Above and Below the central image are inscription in Latin of Deuteronomy 32:28-29, containing the lines “For they are a nation void of counsel, neither is there any understanding in them,” above, and “O that they were wise, that they understood this, that they would consider their latter end!” below.


Confession Godschalk’s book Rosemondt, 1554
This book is known as the Latin version of the confession Godschalk book Rosemondt.

This Rosemondt was a theology professor who worked Eindhoven Godschalk and lived in Leuven. He died in 1526. His exact date of birth is not known but is around 1483. To his acquaintances included a.o. Erasmus and Pope Adrian VI. The confession book is published at Leuven in 1554 but the first edition dates from 1518. The beautifully ornate book band dates from 1575. The book is written in Latin and covers mainly the seven deadly sins and is a theological and sacramentlogische effects of confession. In addition, one can see the book as a scholastic and scientific work that especially intended for theology students and scholars who obviously Latin mighty were.

extraordinary professor of theology in 1515 and ordinary professor in 1520. For the half-year August 1520-February 1521 he was rector of the university and it was at this time that he was in communication with Erasmus (cf. Allen Ep. 1153, 1164 & 1172), who called him in one letter: “Vir melior quam pro vulgari sorte theologorum”. Rosemondt was less dogmatic than most inquisitors and his writings have been compared with those of Erasmus. He was also known as an eloquent vicar and friend of the Dutch Pope Adrian VI.
Between 1516 and 1519 he composed many devotional works, all but the Confessionale in Dutch. The Confessionale is partially a translation of the Boecxken van der Biechten but is far more detailed and lengthy. It shares some of its content as well as its amiable tone with the Boecxken, published one year earlier. The content reflects the fact that it is intended for a better-educated reader. It is the first book in which the Summa of Thomas Aquinas is used for resolving conflicts of conscience. For his audacious statements in chapter XX, ‘De excommunicatione’ Rosemondt was rebuked by Pope Benedict XIV, who considered the book to be in discord with the views of the church. Although Rosemondt based his arguments on old concepts of Catholic clerical law, he expanded these principles to a much greater extent than the church was prepared to accept. The conrector of the Latin School at Antwerp, Levinus Linius (+1533) contributed a laudatory poem, printed on the verso of the title. Tentler considers the Confessionale as ‘A work of learning and pastoral wisdom’.

Rosemondt, Gottschalk Roesmont]
ROSEMONDT (Gottschalk Roesmont), geb. Eindhoven around 1480, from a wealthy family, died. Leuven 5 Dec. 1526, studied there in the pedagogy de Valk, when he joined the promotion der philosophie 1502 the third place. At the beginning of his theological studies, he went to live in the college of the Holy Spirit, but was soon recalled to the Falcon in order to teach the philosophie. 1509 he was accepted in the Council of the University. Only degree he was included in the ‘ strict college ‘ der Faculty of theology 1 Oct. 1515, after he ceded the kanunnikdij obtained by den professor Crabbe. The next year he obtained the doctorate and 1520 he became rector of University chosen and as he welcomed zoodanig den Emperor during his visit to Leuven. The implementers of the testament of Pope Adrian VI appointed him 8 Nov 1524 as president of the college, founded in the House of den d. Pope, who his counsel had been. He operated it until his death. He was also Director of the Sisters of the leuvensche Guest House, where he was buried. His epitaph, now disappeared, is listed at Paquot, Biogr. NAT. and Grand Théatre Sacré the Brab. I, 131-132. He was known as an eloquent preacher. He gave up teaching and seven public foundation in the booklets nederlandsche taal, reprinted. Dr. de Vreese gives an accurate and comprehensive list of these works in Biogr. NAT. latijnsch Rosemondt A bold goals about the design of excommunicatio latae sententiae include Confessionale, later refuted by Pope Benedict XIV. His works attracted the attention of not only the bibliographers, Miraeus, Valerius, Andreas, Foppens confused, le Long, Moes, Amsterdamsche Printing cherry, Nijhoff, Bibliographie de la Typogr. Néerl. 1500-1540, but also of other writers as a. Troelstra, the State of catechesis in Netherlands-reformatische during the ceuw (Gron. 1901); D.C. Tinbergen, Des Coninx Summe (Gron. 1900) 156-160, 181; Pijper, Gesch. der penalty and Confession in the Christian Church (Hague 1908) II, 311-316.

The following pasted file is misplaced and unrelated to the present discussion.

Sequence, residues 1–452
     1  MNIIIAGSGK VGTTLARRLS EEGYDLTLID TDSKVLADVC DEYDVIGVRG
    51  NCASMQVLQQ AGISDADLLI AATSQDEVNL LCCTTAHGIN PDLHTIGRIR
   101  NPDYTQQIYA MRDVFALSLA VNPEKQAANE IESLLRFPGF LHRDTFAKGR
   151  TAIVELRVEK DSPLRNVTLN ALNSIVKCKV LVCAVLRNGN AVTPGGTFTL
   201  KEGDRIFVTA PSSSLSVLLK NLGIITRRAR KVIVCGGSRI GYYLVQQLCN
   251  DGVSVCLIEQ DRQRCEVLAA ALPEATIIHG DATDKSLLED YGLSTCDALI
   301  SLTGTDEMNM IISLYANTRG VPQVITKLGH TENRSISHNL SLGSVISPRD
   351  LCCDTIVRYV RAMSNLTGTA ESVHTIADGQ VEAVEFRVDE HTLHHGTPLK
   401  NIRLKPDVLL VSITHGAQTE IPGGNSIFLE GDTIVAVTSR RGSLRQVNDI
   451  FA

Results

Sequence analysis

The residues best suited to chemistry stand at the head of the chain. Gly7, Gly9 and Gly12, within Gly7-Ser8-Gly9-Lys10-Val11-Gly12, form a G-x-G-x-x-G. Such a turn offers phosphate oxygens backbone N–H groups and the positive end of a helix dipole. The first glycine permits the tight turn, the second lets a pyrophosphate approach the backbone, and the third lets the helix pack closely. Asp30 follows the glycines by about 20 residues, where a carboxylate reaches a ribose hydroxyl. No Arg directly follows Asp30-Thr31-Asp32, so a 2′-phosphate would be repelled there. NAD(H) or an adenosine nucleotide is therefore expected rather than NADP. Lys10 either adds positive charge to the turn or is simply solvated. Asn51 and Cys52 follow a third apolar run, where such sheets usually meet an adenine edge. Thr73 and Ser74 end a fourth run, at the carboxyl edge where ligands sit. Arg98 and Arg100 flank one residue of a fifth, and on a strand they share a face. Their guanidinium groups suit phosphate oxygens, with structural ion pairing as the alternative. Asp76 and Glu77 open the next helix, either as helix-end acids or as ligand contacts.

7 Nov 1519 condemned the theological faculty, including Rosemondt, several theorems of Luther. If opponent he pulled his followers on the hatred of the neck. Rosemondt performed on several occasions as Inquisitor; with r. Tapper and NIC. Coppyn, he was sent to the Hague to pronounce judgment on Pistorius. At the trial he would, according to the story of Gnapheus with a ridiculous goedmoedigheid appointed (p. Fredericq, Corpus Inquisitionis IV, 406). At the same time with Luther was also Erasmus violently attacked by the leuvensche professors, especially by Egmond anus. Three times invoked the humanist on den rector Rosemondt. A maintenance at the House of Rosemondt between Erasmus and Egmond anus, so that they would stop with his attacks, remained without result. Three letters from Erasmus to Rosemondt are issued. When he announced the death of Rosemondt to Joh. the Lasco, wrote this ‘ fuit vir melior quam pro vulgari sorte theologorum. ‘